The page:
As many of my readers know, my wife, Karen, and I enjoy taking short vacation trips to different parts of the country. Over the long Memorial Day weekend, we drove to Indianapolis, Indiana, to take in and experience the 103rd running of the Indianapolis 500.
The event is more than just the race on Sunday. Friday and Saturday events lead up to the race so we had tickets and parking privileges for all three days at the Indianapolis Motor Speedway (IMS).
Friday was Carb Day in which there are several events including practice runs by the racers, the Freedom 100 race, Pit Stop Challenge and then ended with a concert featuring Kool & the Gang and headlined by Foreigner.
Arriving at Indianapolis on Thursday evening, we met my cousin, Patty, and her husband, Bob, from Pittsburgh, Pa., at a house we rented for the weekend just on the outskirts of the downtown area. We were located minutes from the racetrack. To make sure we knew where we were going we made a practice run after dinner. Using the GPS navigation system in Bob's car made that search pretty easy.
We had no problem getting to the track and our designated parking area inside the IMS on Thursday. We spent the first part of the morning learning our way around. We even picked out an area close by the parking lot where we could watch Sunday's race. Realizing there would be about 300,000 people in attendance we made sure we had everything we would need to watch the race from the infield observation mounds near the second turn of the 2.5 mile track.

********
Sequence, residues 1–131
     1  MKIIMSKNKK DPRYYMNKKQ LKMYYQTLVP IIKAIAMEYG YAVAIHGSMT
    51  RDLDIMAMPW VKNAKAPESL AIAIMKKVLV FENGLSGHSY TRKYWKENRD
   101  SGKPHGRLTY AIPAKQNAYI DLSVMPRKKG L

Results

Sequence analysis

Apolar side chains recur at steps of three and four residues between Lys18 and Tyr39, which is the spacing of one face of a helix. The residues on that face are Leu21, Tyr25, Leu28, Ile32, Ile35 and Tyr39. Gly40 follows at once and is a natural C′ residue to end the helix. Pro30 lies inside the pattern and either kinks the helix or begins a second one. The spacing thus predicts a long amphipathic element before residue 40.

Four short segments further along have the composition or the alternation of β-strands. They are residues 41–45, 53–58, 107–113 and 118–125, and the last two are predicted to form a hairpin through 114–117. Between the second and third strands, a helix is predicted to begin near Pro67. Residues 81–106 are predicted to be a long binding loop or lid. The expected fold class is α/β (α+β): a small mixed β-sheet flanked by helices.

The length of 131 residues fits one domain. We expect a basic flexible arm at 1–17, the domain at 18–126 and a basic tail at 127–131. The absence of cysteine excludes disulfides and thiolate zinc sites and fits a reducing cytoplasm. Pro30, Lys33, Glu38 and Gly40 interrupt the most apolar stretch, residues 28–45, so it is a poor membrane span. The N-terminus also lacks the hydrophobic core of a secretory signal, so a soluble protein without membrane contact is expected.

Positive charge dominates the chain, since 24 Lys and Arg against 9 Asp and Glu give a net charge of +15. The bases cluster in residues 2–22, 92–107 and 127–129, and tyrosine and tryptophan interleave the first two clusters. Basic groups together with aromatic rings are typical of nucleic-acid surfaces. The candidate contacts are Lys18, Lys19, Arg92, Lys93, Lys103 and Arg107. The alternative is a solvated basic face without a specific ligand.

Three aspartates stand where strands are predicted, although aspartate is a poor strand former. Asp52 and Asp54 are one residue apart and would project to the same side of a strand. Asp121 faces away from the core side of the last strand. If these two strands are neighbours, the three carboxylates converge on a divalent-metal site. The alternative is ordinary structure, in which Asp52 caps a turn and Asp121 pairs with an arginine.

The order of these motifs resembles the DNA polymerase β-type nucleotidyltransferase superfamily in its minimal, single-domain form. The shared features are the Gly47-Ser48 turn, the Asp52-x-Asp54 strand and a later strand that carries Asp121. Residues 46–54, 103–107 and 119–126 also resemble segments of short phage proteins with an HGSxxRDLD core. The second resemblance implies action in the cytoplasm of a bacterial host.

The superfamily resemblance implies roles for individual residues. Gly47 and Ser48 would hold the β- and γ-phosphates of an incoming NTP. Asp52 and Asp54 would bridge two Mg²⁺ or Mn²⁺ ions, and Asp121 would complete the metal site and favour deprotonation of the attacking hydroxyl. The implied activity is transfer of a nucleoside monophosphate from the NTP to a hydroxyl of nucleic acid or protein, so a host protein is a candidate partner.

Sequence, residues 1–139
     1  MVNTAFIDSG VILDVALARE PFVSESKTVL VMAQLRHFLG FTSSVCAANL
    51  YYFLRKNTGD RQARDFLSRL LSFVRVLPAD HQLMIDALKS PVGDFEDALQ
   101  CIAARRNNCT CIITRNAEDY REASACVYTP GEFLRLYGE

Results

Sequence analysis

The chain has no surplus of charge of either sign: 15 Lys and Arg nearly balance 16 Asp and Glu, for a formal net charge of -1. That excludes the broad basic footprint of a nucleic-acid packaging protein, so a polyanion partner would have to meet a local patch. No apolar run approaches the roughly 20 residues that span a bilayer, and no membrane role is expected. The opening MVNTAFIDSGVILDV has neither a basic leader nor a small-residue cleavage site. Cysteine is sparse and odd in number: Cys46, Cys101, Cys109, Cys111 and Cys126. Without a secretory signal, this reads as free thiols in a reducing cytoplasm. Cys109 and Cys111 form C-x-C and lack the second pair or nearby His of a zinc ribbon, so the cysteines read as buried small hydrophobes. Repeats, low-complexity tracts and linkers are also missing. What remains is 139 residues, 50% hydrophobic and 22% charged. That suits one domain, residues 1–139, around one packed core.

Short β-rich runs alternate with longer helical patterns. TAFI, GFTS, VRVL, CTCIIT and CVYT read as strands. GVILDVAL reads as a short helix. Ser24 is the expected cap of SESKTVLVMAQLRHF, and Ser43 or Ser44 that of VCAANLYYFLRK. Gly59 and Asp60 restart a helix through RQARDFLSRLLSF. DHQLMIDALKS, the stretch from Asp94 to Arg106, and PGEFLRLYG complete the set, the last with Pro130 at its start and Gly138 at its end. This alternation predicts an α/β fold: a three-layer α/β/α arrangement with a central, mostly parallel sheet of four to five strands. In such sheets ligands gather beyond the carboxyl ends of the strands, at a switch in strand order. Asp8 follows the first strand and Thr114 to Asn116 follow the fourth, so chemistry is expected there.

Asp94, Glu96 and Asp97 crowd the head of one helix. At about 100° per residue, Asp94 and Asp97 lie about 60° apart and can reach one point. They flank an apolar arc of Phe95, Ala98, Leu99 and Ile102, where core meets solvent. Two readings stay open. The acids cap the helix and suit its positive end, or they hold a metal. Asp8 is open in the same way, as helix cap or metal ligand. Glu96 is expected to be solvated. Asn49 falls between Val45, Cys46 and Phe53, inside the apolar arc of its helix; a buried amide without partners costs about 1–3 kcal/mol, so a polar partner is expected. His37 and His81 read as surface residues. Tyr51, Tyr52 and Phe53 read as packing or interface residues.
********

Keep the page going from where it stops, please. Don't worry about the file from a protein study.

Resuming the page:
We returned to IMS on Saturday to do our souvenir shopping and to visit the fan zone midway where we drove simulator race cars, and got a bunch of promotional swag from vendors and sponsors of this year's race.
We also visited the Indianapolis Motor Speedway Museum, which also happens to be near turn two and where we parked the car.
The museum was celebrating the 50th anniversary of legendary race car driver Mario Andretti's only victory at "the Brick Yard." Andretti is the the only driver, however, to win the Indianapolis 500 (1969), the Daytona 500 (1967) and the Formula One World Championship (1978).
Now, 79 year old, Andretti is retired from racing, but still drives for The Indy Racing Experience. He takes guests and VIPs 18 and over on high speed rides around race tracks in a special two-seat racer.
He made the news last week when on Friday at Texas Motor Speedway, the 79-year-old Andretti was giving a business associate a ride around the high-banked oval when the car broke loose coming out of Turn 2 and spun out. Neither Andretti nor his passenger were injured, according to the news reports.
Mario and his family emigrated to America when he was a boy. They settled in Eastern Pennsylvania.
He became a fixture around Pittsburgh when he later opened a Toyota dealership there.
The big race on Sunday was exciting to watch, mostly from a big screen Jumbotron positioned trackside where we sat in our comfy lawn chairs equipped with personal shade umbrellas, with soft sided coolers full of food and beverages on the ground beneath us.
Our racer won. But we didn't bring any milk to drink at the end of the race to celebrate.